Press regulation has been a hot topic in the UK for some time now, more so recently after Parliament drew a Royal Charter for it. As you might expect, certain parts of the media have strong feelings about this, as do the ‘we need free speech! Democracyyyyyyyy!’ group of people. And that’s fine.
I, however, call bullshit.
For starters, regulation isn’t new. The Press Complaints Commission, or PCC, have been around since 1991, but as pointed out by Lord Justice Leveson, they’ve been as useful as UN sanctions on North Korea. We also have laws against things like phone hacking, libel, slander, harassment, and a number of things that the press have been getting away with for years, but that hasn’t stopped them either.
I’m not suggesting a strict regulatory body will suddenly convert the likes of Mr Murdoch into saints. I’m suggesting that considering people die because of newspaper harassment, considering that it wrecks lives, and considering that newspaper editors sit on the complaints commission, things have to get tougher. Believe it or not, it is possible to do this without sacrificing free speech. Here’s my ideas for it:
- Create a truly independent commission-no politicians, no media representatives.
- Allow the scope to cover all media, including online blogs, twitter etc-just because you’re online doesn’t mean you can get away with libel, as the Conservative peer Lord McAlpine proved.
- Have the commission completely independent to the courts-this would allow a civil/criminal prosecution to take place against a specific journalist or editor alongside a complaint against the organisation, allowing the offending person to be prosecuted and the offending organisation to be punished for allowing it to happen, as well as allow the courts decision to influence the commissions’ verdict.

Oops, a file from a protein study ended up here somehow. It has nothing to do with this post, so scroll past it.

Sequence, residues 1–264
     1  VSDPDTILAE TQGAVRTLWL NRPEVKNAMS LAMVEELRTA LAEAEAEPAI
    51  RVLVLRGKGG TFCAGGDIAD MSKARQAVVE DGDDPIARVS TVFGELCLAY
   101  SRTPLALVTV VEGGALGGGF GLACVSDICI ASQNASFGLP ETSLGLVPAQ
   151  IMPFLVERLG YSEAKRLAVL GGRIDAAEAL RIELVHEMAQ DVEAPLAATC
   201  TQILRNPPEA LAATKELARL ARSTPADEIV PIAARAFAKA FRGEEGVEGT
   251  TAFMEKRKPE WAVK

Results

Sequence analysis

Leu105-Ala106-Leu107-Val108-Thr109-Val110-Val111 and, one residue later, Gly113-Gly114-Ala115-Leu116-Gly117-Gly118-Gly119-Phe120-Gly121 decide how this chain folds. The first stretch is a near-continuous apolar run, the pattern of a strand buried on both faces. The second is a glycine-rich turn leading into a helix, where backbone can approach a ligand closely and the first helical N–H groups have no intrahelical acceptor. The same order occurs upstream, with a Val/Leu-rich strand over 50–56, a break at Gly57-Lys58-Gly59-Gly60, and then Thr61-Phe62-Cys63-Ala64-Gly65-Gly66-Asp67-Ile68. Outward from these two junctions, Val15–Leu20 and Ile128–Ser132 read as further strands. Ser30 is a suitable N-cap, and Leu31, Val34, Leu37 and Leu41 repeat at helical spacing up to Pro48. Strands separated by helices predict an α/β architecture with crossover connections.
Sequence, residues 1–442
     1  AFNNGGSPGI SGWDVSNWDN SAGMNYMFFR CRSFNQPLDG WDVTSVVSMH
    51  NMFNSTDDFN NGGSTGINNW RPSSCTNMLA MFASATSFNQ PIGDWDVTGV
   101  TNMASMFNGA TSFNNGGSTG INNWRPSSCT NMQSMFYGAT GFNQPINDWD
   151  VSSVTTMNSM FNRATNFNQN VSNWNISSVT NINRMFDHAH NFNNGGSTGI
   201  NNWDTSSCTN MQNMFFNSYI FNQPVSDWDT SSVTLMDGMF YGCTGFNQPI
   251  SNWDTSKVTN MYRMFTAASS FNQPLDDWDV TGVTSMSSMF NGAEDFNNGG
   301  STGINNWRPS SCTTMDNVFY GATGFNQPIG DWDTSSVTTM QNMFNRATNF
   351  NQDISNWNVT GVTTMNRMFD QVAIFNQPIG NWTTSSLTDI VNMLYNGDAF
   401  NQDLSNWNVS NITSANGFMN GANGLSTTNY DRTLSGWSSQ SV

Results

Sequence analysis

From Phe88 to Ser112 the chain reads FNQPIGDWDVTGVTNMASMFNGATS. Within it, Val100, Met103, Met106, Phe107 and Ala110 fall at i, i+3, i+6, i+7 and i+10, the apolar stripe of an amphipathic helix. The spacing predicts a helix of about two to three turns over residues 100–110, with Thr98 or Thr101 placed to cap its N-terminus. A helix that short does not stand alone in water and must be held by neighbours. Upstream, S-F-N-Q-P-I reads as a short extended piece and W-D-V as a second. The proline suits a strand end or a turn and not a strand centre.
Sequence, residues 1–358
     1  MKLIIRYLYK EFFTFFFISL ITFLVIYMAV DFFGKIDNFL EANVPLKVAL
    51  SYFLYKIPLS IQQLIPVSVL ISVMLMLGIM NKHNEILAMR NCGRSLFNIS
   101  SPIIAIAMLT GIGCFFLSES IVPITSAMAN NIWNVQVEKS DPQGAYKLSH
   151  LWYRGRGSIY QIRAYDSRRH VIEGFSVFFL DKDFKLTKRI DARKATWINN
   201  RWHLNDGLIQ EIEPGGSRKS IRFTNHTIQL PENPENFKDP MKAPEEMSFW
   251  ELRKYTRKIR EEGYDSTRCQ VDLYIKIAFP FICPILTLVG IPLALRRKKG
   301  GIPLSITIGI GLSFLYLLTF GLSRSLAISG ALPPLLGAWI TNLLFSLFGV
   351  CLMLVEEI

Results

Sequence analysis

- Scalable fines and punishment for successful complaints-This would stop an offending blogger being punished in the same way as News International for example. You could also change the severity of an offence committed by a blogger as compared to NI; if I were to write absolute lies about a person, as a fairly obscure blog I shouldn’t have the same punishment as a media organisation more in the public eye.
- The commission should have the power to force apologies-just as companies, like Tesco after the horse meat scandle, can be made to make very public apologies in the press, so should the media, and I’m not just talking a couple of column inches.
None of these, in my view, impact upon a person right to write whatever they feel like saying. The link I provided about the the transgender teacher committing suicide wasn’t because of the bigoted idiot who wrote the initial article, it was because of the journalists who were sent to hound her. What’s worse is that these things won’t stop happening until something is done to reign the press in.
What are your thoughts? Have I missed the point, or do you agree?